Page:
News — At The Edge — 3/4

Only two articles this week, but both are thought-provoking.

  • Our Forger-in-Chief -
  • Will Democracy Survive Big Data and Artificial Intelligence?

In essence, both note that we’re at a very strange moment in history.

While the velocity of change is accelerating in all domains, information overload has disoriented most people. But this problem is being exacerbated in three ways.

  1. Current efforts to discredit scientists and journalists, along with fake new and alternative facts, is leaving many without any sense of what is and isn’t real, important, trustworthy or reliable.
  2. We’re also becoming an algorithmic, data-driven society, which makes large-scale covert manipulation and control easier.
  3. Together, these two developments make us all more vulnerable to dystopian futures

Ironically, I just wrote a new article called, The Evolution of Mind Games, on my Medium publication, A Passion to Evolve, which nicely ties into the issues raised in these articles.


Our Forger-in-Chief -

“1930s and ’40s…forger Han van Meegeren made a fortune…passing off many of his fakes as authentic paintings by Vermeer…[through] the art of poisoning the wells….

[This] stems from the [fact]…[w]e do not assess whether a claim is reasonable simply by thinking about that claim in isolation…[rather] relate the claim to…beliefs we already hold. Relative to…accepted beliefs, we decide whether the new claim is a reasonable one….[So] such a poisoning of the wells of belief leaves us powerless to make any further decisions about what to believe….

Citizens in a technologically advanced [societies]…must rely on its scientific community to deliver disinterested information…about the policies they would have their elected representatives enact. Citizens are also highly dependent on a probing press to help them judge the performance of their elected representatives…

[Trump continues] to deny and denigrate the findings of scientific bodies…[and] regularly calumnies individual members of the press and vilifies entire news organizations….[This] poses an existential threat to our democracy…[by poisoning] the wells of reasoned public discourse….

The problem is not…a falsehood here, a lie there…rather that by destroying the citizenry’s confidence in…science and the press, we risk being deprived of the tools needed to assess what to believe and want…[and] will have been rendered rationally impotent. It is damaging to be fed falsehoods or to be outright lied to, but it is utterly debilitating to be deprived of the resources by which to sort fact from fiction….

The assaults on science and the press by Trump and his followers are…a well-poisoning assault on public rational discourse, a prerequisite for a healthy democracy.”

Will Democracy Survive Big Data and Artificial Intelligence? -

“The amount of data we produce doubles every year…[but soon] will double every 12 hours…. The field of artificial intelligence is…now capable of learning, thereby continuously developing itself…[and] supercomputers will soon surpass human capabilities in almost all areas…[and] possibly even more dangerous than nuclear weapons…..[So] society is at a crossroads [that]…could threaten our [existence]….

Today, Singapore is seen as a perfect example of a data-controlled society….. China is taking a similar route….[and] we are on a similar path in the West. It is also increasingly clear…we are all in the focus of institutional surveillance….Programmed society, programmed citizens….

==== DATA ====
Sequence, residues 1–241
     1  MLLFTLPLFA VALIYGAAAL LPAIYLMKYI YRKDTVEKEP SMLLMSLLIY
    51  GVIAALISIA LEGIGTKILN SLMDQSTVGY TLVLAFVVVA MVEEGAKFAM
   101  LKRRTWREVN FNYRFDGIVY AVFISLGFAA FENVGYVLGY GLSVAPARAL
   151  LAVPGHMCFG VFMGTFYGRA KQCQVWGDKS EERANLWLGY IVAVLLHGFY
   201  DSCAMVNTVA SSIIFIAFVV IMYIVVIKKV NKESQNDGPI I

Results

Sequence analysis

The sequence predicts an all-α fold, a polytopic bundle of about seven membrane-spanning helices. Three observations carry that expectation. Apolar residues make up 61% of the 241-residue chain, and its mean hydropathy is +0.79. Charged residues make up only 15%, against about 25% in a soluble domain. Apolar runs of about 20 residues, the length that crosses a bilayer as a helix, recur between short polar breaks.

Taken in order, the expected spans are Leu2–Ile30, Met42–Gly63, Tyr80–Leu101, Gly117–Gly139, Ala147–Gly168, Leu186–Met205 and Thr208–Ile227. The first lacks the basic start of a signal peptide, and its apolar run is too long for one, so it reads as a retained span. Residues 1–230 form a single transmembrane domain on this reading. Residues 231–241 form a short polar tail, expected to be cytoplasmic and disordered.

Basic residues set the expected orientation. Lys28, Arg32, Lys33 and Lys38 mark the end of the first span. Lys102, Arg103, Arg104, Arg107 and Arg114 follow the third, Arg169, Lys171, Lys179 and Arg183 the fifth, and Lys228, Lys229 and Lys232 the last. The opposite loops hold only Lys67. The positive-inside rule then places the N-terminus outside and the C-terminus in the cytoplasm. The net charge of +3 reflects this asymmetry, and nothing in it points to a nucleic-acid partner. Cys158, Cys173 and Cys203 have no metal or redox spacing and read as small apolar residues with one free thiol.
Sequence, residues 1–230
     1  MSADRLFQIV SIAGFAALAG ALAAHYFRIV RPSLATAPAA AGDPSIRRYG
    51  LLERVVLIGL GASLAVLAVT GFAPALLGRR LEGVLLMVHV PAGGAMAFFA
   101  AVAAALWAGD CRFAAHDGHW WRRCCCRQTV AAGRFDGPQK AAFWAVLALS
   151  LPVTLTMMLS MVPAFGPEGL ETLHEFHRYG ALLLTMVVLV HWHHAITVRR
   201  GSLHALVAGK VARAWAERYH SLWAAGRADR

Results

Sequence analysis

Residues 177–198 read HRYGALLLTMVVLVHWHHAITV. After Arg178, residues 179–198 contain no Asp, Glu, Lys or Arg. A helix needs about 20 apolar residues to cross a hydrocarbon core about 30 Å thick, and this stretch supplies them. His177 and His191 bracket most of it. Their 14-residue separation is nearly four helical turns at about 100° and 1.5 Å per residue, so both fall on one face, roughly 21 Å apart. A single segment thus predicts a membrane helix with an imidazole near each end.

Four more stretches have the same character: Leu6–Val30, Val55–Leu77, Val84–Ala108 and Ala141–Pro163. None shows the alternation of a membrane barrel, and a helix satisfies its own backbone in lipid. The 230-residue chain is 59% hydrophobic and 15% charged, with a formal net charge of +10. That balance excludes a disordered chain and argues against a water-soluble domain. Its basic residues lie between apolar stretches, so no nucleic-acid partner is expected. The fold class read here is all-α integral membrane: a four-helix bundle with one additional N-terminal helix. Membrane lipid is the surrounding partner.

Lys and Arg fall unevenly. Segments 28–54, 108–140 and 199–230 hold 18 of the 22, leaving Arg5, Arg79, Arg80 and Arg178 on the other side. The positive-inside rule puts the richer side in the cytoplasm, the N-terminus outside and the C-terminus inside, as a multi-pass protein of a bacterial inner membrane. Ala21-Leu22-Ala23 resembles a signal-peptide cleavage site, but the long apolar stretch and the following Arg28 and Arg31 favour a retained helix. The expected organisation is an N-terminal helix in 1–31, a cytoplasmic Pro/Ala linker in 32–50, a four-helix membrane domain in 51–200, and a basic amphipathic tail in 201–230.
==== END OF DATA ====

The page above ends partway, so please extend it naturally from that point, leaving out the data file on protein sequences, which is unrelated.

Today, algorithms know pretty well what we do, what we think and how we feel — possibly even better than our friends and family or even ourselves…. In fact, we are being remotely controlled….But it won’t stop there…moving towards ‘persuasive computing’…using sophisticated manipulation technologies…able to steer us through entire courses of action….The trend goes from programming computers to programming people.

These technologies are…increasingly popular in the world of politics…to govern the masses efficiently, without having to involve citizens in democratic processes….[But] scientific literature shows [it’s]…doomed to fail because of the complexity of the problem…[as] an improvement in one area almost inevitably leads to deterioration in another….

[Still] criminals, terrorists and extremists will try and manage to take control…perhaps even without us noticing….A further problem arises when adequate transparency and democratic control are lacking: the erosion of the system from the inside….Therefore, whoever controls this technology can win elections….

[F]or manipulation to stay unnoticed, it takes a so-called resonance effect — suggestions that are sufficiently customized to each individual…[and] local trends are gradually reinforced by repetition, leading all the way to the ‘filter bubble’ or ‘echo chamber effect’…[and] causes social polarization…[and] groups that no longer understand each other and [conflicting]….

In this way, personalized information can unintentionally destroy social cohesion…[as] currently observed in American politics….The result is a fragmentation, possibly even a disintegration, of society….The effects occur with a time lag, but, also, they cannot be easily undone…

[Such] manipulative methods change the way we make our decisions…[overriding] relevant cultural and social cues, at least temporarily…[and] restrict the freedom of choice….[So far] slowly enough that there has been little resistance from the population, so far…..

[T]he right of individual self-development can only be exercised by those who have control over their lives, which presupposes informational self-determination….[If] constrained, this undermines our [society]…..[Ads] must be marked as such and must not be misleading…[and] not allowed to utilize certain psychological tricks such as subliminal stimuli…..